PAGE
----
Please use this identifier to cite or link to this item:
|Scopus||Web of Science®||Altmetric|
|Title:||Quantification and neurochemical coding of the myenteric plexus in humans: no regional variation between the distal colon and rectum|
|Citation:||Neurogastroenterology and Motility, 2018; 30(3):e13193-1-e13193-11|
|K.-S. Ng, N.A. Montes-Adrian, D.A. Mahns, M.A. Gladman|
|Abstract:||Background: It remains unclear whether regional variation exists in the human enteric nervous system (ENS) ie, whether intrinsic innervation varies along the gut. Recent classification of gastrointestinal neuropathies has highlighted inadequacies in the quantification of the human ENS. This study used paired wholemounts to accurately quantify and neurochemically code the hindgut myenteric plexus, comparing human distal colon and rectum. Methods: Paired human descending colonic/rectal specimens were procured from 15 patients undergoing anterior resection. Wholemounts of myenteric plexi were triple-immunostained with anti-Hu/NOS/ChAT antibodies. Images were acquired by motorized epifluorescence microscopy, allowing assessment of ganglionic density/size, ganglionic area density, and neuronal density. 'Stretch-corrected' values were calculated using stretched/relaxed tissue dimensions. Key Results: Tile-stitching created a collage with average area 99 300 000 μm(2) . Stretch-corrected ganglionic densities were similar (colon: median 510 ganglia/100 mm² [range 386-1170], rectum: 585 [307-923]; P = .99), as were average ganglionic sizes (colon: 57 593 μm(2) [40 301-126 579], rectum: 54 901 [38 701-90 211], P = .36). Ganglionic area density (colon: 11.92 mm(2) per 100 mm(2) [7.53-18.64], rectum: 9.84 [5.80-17.19], P = .10) and stretch-corrected neuronal densities (colon: 189 neurons/mm(2) [117-388], rectum: 182 [89-361], P = .31) were also similar, as were the neurochemical profiles of myenteric ganglia, with comparable proportions of NOS+ and ChAT+ neurons (P > .10). Conclusions and Inferences: This study has revealed similar neuronal and ganglionic densities and neurochemical profiles in human distal colon and rectum. Further investigation of other components of the ENS, incorporating additional immunohistochemical markers are required to confirm that there is no regional variation in the human hindgut ENS.|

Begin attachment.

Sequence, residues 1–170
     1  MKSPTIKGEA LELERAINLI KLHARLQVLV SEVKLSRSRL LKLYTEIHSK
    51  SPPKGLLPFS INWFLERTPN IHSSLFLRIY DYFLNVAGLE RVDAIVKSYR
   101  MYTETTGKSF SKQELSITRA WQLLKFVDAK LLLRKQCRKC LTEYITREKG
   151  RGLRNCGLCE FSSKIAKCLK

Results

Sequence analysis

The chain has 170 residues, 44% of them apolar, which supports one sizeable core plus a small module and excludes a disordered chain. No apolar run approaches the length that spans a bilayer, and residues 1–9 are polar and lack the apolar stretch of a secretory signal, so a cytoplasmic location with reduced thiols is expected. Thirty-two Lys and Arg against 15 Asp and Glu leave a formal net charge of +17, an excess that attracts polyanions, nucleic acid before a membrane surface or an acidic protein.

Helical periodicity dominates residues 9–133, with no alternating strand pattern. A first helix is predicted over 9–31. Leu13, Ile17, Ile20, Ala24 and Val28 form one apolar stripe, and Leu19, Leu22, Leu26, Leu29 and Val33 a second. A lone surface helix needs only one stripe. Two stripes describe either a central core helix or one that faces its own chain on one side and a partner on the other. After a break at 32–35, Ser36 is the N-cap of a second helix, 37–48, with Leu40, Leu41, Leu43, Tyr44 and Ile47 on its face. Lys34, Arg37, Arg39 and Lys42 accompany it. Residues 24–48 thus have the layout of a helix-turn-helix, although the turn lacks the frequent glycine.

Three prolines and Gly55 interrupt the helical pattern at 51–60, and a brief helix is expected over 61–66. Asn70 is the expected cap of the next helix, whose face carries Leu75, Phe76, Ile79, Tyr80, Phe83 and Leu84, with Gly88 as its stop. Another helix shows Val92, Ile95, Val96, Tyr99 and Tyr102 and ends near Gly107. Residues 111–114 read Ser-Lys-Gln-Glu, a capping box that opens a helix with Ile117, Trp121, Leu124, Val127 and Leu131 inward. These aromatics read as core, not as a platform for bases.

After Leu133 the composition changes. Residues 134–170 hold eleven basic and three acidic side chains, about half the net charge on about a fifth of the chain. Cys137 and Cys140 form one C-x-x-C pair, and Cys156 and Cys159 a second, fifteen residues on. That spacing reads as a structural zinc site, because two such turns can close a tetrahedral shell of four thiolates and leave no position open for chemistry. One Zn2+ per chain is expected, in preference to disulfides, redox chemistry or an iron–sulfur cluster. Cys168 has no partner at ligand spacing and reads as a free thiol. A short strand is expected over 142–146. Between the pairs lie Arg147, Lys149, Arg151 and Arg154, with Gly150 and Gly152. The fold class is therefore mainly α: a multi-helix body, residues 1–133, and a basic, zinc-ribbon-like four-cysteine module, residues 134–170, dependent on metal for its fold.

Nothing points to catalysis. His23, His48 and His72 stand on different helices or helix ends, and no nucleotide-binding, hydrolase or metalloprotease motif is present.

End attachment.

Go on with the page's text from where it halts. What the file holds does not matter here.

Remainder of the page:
|Keywords:||Enteric nervous system; human tissue; immunohistochemistry; myenteric plexus; neurochemical; profiling|
|Rights:||© 2017 John Wiley & Sons Ltd|
|Appears in Collections:||Medicine publications|
Files in This Item:
There are no files associated with this item.
Items in DSpace are protected by copyright, with all rights reserved, unless otherwise indicated.